Who wants to be a Millionaire???

Class stratification is a hierarchical structure based on how much money someone has or earns.   Social class defines much of who we are in America.  Most of us are part of the middle or lower class, but the American dream is that we can work hard and make more money and provide a comfortable life for ourselves and our families.  There are other ways to get there though.  The lottery has become part of the American dream.  Pay your dollar and you could end up with hundreds of millions of dollars overnight!

Article one gives an example of a Michigan woman who won a million dollars and spent it all on a house, then continued to collect food stamps.  She thought it was alright because she didn’t have a job.  She was eventually cut off from state assistance and ended up dead less than a year later.

It begs the question of whether or not this is normal.  Article two discusses the financial outcomes of over 1900 lottery winners in Florida.  Many ended up bankrupt or even dead.  In our class discussions, we discussed how lack of education or socioeconomic status in childhood could impact your ability to move up to a higher social class.   It could be as a result of a self-fulfilling prophecy, where those around you expect you to fail and treat you as though you will, causing failure.  I could be a result of the lack of finances to take the next step.  But what about when the financial security is just handed to you?

In a way, it does come down to an education piece.  We spend so much time focused on sociology and science and math, and not enough time on how to handle our finances if and when we do achieve the American dream.  There are websites dedicated to how to handle yourself in case of winning the lottery (Article 3).  They go over the legal ramifications of having money, which most of us never think of.  They also discuss how to invest the money.  This is also a “problem” that many of us will never have to tackle.  Nor would we know how to approach those situations if they were thrown at us suddenly.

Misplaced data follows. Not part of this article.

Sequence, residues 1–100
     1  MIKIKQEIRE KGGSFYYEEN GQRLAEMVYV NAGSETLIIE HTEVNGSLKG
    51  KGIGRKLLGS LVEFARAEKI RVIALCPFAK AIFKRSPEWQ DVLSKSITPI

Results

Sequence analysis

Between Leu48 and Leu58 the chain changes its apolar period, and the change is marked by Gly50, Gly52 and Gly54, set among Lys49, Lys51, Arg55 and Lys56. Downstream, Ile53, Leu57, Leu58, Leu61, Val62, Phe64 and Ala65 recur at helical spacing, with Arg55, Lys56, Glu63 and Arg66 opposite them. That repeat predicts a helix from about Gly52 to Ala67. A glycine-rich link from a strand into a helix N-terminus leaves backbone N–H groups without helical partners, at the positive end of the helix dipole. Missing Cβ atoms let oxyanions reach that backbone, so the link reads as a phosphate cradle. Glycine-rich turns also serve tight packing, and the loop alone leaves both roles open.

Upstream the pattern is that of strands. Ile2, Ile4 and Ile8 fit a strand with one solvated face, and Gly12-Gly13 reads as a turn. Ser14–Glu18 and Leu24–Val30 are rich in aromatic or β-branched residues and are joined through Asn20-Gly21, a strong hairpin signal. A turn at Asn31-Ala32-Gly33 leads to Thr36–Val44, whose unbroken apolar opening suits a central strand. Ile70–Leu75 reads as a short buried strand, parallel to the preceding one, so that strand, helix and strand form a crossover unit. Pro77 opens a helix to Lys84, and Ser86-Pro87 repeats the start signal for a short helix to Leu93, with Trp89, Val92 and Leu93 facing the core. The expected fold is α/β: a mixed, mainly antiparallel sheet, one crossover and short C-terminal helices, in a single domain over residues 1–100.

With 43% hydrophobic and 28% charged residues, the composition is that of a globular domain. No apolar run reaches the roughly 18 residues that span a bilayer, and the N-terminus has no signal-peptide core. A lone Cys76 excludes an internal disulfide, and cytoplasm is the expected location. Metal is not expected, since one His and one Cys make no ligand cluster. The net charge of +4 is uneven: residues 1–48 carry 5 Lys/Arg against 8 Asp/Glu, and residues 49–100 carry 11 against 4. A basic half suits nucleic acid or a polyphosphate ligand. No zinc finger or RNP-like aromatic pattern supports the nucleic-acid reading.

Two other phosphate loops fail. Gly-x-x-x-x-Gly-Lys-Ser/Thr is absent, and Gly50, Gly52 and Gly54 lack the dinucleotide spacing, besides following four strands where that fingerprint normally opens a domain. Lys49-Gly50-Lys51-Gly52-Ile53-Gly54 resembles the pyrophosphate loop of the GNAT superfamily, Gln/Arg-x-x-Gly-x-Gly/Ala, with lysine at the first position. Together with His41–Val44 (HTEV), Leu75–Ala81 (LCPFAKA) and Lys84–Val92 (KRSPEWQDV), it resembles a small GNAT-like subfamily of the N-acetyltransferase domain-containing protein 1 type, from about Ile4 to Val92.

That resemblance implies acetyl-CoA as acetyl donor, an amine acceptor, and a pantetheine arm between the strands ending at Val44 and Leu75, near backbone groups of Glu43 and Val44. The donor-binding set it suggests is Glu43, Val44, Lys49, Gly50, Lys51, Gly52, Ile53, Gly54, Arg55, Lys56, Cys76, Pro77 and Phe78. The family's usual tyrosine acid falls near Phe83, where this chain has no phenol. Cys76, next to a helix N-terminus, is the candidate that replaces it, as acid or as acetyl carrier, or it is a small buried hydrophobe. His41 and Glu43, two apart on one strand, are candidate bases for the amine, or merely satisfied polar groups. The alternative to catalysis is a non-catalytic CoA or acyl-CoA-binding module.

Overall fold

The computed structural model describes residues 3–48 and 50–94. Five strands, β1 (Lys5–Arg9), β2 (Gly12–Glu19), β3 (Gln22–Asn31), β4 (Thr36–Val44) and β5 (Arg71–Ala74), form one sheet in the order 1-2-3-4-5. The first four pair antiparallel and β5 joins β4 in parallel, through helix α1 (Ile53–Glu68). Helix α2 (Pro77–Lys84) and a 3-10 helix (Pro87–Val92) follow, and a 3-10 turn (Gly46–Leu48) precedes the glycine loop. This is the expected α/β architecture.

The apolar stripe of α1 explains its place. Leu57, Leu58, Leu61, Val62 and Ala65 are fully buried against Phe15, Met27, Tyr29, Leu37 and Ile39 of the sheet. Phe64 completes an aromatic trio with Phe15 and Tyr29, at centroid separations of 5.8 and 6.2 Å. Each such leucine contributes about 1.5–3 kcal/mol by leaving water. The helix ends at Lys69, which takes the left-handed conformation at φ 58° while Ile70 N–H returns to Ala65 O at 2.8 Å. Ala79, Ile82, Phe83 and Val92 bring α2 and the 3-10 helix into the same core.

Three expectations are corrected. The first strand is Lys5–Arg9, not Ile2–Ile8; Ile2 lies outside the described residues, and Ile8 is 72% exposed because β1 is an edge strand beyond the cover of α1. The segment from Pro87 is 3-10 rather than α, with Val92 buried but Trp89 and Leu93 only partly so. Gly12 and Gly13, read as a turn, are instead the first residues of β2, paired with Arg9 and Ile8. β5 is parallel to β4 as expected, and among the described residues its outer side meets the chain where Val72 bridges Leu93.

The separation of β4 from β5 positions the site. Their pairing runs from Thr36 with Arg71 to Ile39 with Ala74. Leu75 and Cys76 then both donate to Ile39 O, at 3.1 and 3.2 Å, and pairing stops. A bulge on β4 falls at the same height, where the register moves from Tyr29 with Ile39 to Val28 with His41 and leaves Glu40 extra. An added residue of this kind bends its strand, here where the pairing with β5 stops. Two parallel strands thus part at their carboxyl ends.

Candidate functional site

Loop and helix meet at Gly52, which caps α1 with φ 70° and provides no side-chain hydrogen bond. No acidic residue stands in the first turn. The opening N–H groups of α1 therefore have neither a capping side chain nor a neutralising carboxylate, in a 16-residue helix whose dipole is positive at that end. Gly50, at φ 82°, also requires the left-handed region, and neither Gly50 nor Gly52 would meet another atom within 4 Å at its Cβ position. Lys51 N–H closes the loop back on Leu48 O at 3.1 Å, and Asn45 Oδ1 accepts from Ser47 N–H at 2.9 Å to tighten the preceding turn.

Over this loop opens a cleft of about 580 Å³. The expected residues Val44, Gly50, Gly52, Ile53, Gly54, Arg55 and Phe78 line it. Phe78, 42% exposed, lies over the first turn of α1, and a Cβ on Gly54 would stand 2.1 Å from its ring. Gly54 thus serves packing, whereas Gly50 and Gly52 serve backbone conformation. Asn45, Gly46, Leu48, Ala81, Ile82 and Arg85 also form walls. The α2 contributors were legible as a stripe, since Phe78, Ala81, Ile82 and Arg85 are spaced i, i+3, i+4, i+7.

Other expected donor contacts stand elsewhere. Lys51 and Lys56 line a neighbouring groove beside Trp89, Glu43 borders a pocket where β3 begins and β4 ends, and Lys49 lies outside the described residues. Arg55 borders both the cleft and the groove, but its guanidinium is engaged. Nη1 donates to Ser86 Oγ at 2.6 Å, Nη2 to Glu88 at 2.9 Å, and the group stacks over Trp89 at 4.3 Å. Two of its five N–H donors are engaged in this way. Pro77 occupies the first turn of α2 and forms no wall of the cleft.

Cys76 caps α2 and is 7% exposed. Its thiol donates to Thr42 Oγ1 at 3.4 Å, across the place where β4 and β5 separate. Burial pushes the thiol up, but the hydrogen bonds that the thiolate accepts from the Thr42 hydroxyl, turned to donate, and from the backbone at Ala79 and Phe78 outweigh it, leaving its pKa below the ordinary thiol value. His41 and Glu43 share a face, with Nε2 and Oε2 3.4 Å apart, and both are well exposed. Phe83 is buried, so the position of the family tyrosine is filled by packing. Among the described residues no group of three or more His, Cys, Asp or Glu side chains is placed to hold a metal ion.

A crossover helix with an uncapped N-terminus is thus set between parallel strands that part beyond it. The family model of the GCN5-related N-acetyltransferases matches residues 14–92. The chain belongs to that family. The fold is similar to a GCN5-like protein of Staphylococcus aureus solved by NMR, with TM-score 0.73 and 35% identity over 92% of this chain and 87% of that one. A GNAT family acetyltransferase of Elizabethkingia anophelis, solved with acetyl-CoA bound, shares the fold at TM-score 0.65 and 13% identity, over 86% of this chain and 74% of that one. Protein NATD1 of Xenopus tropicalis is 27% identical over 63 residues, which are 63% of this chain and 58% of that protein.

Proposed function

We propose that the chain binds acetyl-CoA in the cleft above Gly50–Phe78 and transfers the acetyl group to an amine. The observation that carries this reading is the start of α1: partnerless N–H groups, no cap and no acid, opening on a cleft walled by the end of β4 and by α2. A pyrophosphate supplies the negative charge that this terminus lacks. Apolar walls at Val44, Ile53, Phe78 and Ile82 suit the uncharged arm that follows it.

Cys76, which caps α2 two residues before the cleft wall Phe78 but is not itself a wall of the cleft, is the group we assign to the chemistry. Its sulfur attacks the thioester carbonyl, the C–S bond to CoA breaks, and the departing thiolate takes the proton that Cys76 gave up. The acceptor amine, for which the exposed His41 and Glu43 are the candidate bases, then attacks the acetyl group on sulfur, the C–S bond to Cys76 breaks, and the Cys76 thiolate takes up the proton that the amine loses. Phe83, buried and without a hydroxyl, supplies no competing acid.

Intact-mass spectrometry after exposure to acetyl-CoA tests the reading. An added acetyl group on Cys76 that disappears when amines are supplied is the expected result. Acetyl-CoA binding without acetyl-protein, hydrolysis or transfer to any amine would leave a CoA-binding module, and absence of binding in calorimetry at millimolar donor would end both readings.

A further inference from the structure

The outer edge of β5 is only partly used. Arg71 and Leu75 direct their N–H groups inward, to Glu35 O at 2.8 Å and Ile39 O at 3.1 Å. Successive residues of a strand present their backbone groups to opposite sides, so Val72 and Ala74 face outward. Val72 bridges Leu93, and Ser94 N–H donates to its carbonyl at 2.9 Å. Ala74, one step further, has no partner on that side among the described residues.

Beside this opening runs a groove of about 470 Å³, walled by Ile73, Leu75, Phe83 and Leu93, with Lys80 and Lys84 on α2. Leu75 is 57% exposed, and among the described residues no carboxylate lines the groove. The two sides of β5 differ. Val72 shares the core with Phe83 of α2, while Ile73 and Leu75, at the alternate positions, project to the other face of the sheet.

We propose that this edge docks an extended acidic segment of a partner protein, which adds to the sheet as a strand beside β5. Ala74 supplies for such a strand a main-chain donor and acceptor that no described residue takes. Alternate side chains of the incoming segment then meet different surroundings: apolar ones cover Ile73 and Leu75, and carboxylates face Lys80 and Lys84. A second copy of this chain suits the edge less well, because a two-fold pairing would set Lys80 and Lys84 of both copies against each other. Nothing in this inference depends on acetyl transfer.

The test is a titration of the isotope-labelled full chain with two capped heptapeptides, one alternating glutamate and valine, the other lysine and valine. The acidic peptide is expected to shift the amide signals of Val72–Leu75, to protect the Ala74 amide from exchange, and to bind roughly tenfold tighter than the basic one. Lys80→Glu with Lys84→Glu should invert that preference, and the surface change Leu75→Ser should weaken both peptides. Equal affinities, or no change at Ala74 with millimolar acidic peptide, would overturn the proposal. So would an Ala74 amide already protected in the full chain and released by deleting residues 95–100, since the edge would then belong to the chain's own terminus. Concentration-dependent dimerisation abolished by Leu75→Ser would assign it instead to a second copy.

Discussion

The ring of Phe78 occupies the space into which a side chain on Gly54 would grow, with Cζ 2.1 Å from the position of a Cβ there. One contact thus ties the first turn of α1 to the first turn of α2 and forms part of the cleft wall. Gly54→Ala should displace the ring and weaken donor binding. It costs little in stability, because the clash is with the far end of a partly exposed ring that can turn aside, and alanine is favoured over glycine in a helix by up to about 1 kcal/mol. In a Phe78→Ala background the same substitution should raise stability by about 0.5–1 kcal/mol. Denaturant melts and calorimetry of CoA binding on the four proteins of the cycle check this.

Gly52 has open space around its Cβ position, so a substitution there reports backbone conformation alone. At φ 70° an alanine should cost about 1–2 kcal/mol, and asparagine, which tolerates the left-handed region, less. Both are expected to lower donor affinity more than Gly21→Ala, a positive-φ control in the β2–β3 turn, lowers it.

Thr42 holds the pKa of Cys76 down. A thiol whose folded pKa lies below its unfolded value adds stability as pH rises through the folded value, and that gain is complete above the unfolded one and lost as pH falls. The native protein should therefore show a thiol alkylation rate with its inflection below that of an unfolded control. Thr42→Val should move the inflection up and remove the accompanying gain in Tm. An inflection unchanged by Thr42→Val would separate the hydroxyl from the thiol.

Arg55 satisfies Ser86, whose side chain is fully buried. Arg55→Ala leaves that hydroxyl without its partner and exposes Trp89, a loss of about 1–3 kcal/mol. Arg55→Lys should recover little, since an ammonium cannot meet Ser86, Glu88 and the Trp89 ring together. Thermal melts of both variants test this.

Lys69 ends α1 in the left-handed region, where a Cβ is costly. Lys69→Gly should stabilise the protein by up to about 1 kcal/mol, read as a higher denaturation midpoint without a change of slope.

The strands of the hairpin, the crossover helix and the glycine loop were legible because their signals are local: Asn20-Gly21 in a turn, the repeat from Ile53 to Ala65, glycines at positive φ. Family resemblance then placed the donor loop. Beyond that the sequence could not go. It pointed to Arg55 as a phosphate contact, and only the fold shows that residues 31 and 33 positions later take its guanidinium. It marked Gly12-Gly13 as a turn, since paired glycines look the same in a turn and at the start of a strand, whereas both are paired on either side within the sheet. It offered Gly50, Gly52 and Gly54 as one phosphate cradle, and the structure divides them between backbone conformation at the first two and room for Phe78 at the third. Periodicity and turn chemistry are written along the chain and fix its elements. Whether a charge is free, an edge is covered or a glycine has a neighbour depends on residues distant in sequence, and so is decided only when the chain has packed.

Maybe it is time to refocus a little of our energy to teaching children and young adults how to live the American dream… not just balancing checkbooks, but investing and making sure that what you think you need fits into the amount of money you have.  I’m sure that the children of the upper classes are taught this.  Then, when the American dream is thrown into our laps, we won’t meet it with financial failure or death.

1 – http://www.theblaze.com/stories/1m-lottery-winners-food-stamps-yanked-after-story-goes-viral/#

2 – http://www.smartmoney.com/invest/stocks/why-lottery-winners-go-bankrupt-1301002181742/

3 – http://www.legalzoom.com/money-matters/personal-finance/youve-won-lottery-now

Creativity or Deviance?

Deviance is a variation of the norm, doing something different from what society expects.  When someone is deviant, they usually receive negative sanctions from society, ranging from a dirty look to a prison sentence.  Even if the deviance is positive, like a student who is extremely smart, it can be treated with a negative response; not being accepted into a group of friends or people being angry because they ruined the curve.

Creativity is the invention of a new idea or product.  But what happens when creativity and deviance overlap?  In my retail job, since I have been doing it for so long, I will often have “best practices” or ways of doing things that I have found work well, but differ from the way that the company wants things done.  In these situations, I have 2 choice; do it my way and know I will have success, or do it the company’s way with uncertain results.  There are possible ramifications to doing either.  If I do it my way and fail, I will get in trouble, maybe even fired.  If I do it the company’s way and fail, I may still get in trouble.  The results in this situation determine whether I have been creative or deviant.

The article below discusses a Japanese researcher who continued to do work on a project after the funding was removed.  He was successful in creating an LED and praised for his “creativity”.  But it could have gone the other way for him as well, if he had failed.  Society, in general, provides fewer sanctions for successful deviance than deviance that is unproductive or a failure.